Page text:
The Application Development Experiences of an Enterprise Developer

Day 2 - PM

Posted by bsstahl on 2003-05-30 and Filed Under: event 

The final session of Wednesday dealt with one of the most important issues technology managers have to deal with today, the problem of system integration. How can we take many disparate systems and connect them seamlessly to one another? Fortunately, we now have bodies such as the W3C defining sets of standards that we all can use to ensure the interconnectivity of our applications. For example, the Work Order System that I helped to develop at the Port Authority of Allegheny County uses XML transported via a SOAP interface (both W3C standards) to expose methods for creating work orders to external systems such as scanning systems and the onboard bus computers. These interfaces are available to any application regardless of platform. The application also supports the COM interface provided by PeopleSoft as gateway into the PeopleSoft Financials module. COM is a proprietary, binary standard from Microsoft and is therefore not generally recommended, however it does allow for a low-overhead interface between applications running on the Windows platform. In the Port Authority's Work Order System, we used this interface to connect to inventory, often allowing the partsroom attendants to have materials ready and waiting for maintenance personell and preventing the scheduling of non-critical work where parts are not yet available.

Tags: transitech transit 

About the Author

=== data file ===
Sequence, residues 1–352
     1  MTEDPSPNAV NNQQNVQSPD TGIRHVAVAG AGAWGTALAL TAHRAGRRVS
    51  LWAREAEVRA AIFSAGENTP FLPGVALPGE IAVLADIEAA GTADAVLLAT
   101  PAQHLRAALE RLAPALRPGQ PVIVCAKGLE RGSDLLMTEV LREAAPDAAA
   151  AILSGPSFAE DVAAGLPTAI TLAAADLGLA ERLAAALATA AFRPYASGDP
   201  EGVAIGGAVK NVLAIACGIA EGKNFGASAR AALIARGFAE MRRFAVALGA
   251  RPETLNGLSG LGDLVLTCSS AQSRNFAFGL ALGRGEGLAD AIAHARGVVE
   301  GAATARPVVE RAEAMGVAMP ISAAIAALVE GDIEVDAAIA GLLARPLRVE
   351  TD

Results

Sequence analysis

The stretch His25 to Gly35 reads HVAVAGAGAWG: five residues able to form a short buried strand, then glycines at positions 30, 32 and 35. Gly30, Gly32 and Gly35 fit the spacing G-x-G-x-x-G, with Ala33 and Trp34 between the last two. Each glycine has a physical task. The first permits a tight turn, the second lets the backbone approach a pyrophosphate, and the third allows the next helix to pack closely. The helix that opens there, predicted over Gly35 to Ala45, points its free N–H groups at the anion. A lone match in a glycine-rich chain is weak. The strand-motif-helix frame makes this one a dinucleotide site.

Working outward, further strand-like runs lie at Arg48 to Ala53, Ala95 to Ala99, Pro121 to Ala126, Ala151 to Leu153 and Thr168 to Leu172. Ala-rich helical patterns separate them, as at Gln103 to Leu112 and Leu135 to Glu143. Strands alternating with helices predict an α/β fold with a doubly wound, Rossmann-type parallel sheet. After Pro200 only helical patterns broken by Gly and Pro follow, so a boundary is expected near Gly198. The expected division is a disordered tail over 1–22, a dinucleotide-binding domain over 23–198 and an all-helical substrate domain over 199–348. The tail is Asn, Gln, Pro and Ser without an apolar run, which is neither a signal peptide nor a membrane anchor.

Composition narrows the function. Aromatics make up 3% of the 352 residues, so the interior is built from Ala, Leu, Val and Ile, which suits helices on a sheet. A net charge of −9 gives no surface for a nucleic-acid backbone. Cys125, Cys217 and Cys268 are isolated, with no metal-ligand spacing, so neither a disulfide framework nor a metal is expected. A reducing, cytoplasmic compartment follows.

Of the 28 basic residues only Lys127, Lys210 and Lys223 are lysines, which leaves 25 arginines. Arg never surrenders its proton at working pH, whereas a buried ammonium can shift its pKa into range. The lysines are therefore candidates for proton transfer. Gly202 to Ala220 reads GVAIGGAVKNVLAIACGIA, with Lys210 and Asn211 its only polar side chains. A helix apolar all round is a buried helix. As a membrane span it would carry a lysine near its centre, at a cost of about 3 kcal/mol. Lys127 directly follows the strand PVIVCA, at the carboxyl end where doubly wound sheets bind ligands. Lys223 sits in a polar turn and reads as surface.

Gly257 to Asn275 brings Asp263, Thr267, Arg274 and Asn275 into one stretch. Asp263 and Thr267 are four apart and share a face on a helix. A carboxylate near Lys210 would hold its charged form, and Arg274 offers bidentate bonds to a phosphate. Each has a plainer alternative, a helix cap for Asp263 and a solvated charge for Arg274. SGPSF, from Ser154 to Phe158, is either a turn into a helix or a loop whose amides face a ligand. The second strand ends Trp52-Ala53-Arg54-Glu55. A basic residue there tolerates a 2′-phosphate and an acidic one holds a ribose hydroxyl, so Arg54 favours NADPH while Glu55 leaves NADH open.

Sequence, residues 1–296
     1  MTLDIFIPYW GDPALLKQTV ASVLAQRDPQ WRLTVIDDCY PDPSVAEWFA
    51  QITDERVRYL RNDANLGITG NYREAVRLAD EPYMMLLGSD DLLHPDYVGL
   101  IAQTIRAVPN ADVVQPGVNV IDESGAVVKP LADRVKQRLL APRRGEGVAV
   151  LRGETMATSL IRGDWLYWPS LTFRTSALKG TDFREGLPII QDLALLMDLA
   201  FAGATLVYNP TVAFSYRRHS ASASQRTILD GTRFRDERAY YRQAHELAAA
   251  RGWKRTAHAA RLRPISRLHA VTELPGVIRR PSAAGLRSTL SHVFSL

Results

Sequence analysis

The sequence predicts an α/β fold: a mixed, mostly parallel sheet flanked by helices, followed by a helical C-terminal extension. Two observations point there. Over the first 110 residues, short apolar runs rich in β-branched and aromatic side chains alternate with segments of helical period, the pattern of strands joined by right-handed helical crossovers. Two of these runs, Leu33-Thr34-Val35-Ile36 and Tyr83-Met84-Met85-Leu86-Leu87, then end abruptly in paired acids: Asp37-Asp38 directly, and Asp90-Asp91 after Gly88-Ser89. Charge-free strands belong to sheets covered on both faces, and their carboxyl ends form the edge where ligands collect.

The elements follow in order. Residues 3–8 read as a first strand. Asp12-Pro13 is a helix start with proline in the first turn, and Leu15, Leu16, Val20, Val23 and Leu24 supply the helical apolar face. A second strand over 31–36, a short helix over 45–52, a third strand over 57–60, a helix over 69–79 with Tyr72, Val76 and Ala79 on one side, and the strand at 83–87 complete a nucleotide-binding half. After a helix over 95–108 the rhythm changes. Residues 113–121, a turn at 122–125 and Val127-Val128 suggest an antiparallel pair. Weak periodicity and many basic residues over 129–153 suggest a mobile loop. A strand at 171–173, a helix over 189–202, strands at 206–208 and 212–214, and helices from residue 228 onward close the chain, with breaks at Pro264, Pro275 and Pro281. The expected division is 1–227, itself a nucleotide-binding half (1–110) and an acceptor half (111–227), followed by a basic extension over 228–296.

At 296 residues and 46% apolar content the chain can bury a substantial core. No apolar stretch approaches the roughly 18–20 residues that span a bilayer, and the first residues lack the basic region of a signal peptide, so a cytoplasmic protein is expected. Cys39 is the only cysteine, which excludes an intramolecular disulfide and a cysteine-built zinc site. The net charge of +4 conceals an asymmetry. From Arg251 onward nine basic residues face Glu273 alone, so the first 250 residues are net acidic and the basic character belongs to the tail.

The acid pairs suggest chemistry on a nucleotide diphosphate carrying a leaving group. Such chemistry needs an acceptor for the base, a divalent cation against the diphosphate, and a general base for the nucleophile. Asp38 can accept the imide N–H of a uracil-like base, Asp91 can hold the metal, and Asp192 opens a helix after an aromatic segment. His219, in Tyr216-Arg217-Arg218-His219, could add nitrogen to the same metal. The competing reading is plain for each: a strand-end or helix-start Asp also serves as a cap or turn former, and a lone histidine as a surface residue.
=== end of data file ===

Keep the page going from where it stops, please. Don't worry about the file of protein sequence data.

Barry S. Stahl Barry S. Stahl (he/him/his) - Barry is a .NET Software Engineer who has been creating business solutions for enterprise customers for more than 35 years. Barry is also an Election Integrity Activist, baseball and hockey fan, husband of one genius and father of another, and a 40 year resident of Phoenix Arizona USA. When Barry is not traveling around the world to speak at Conferences, Code Camps and User Groups or to participate in GiveCamp events, he spends his days as a Solution Architect for Carvana in Tempe AZ and his nights thinking about the next AZGiveCamp event where software creators come together to build websites and apps for some great non-profit organizations.

Barry has started delivering in-person talks again now that numerous mechanisms for protecting our communities from Covid-19 are available. He will, of course, still entertain opportunities to speak online. Please contact him if you would like him to deliver one of his talks at your event, either online or in-person. Refer to his Community Speaker page for available options.

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